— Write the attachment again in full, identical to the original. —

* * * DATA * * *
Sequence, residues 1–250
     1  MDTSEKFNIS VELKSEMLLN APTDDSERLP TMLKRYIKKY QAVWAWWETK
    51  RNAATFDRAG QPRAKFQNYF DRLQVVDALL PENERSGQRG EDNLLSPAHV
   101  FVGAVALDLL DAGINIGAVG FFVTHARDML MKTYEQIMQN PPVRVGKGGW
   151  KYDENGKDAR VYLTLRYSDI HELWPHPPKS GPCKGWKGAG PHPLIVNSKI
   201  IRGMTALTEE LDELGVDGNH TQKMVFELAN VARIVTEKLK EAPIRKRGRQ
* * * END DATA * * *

Sequence, residues 1–250
     1  MDTSEKFNIS VELKSEMLLN APTDDSERLP TMLKRYIKKY QAVWAWWETK
    51  RNAATFDRAG QPRAKFQNYF DRLQVVDALL PENERSGQRG EDNLLSPAHV
   101  FVGAVALDLL DAGINIGAVG FFVTHARDML MKTYEQIMQN PPVRVGKGGW
   151  KYDENGKDAR VYLTLRYSDI HELWPHPPKS GPCKGWKGAG PHPLIVNSKI
   201  IRGMTALTEE LDELGVDGNH TQKMVFELAN VARIVTEKLK EAPIRKRGRQ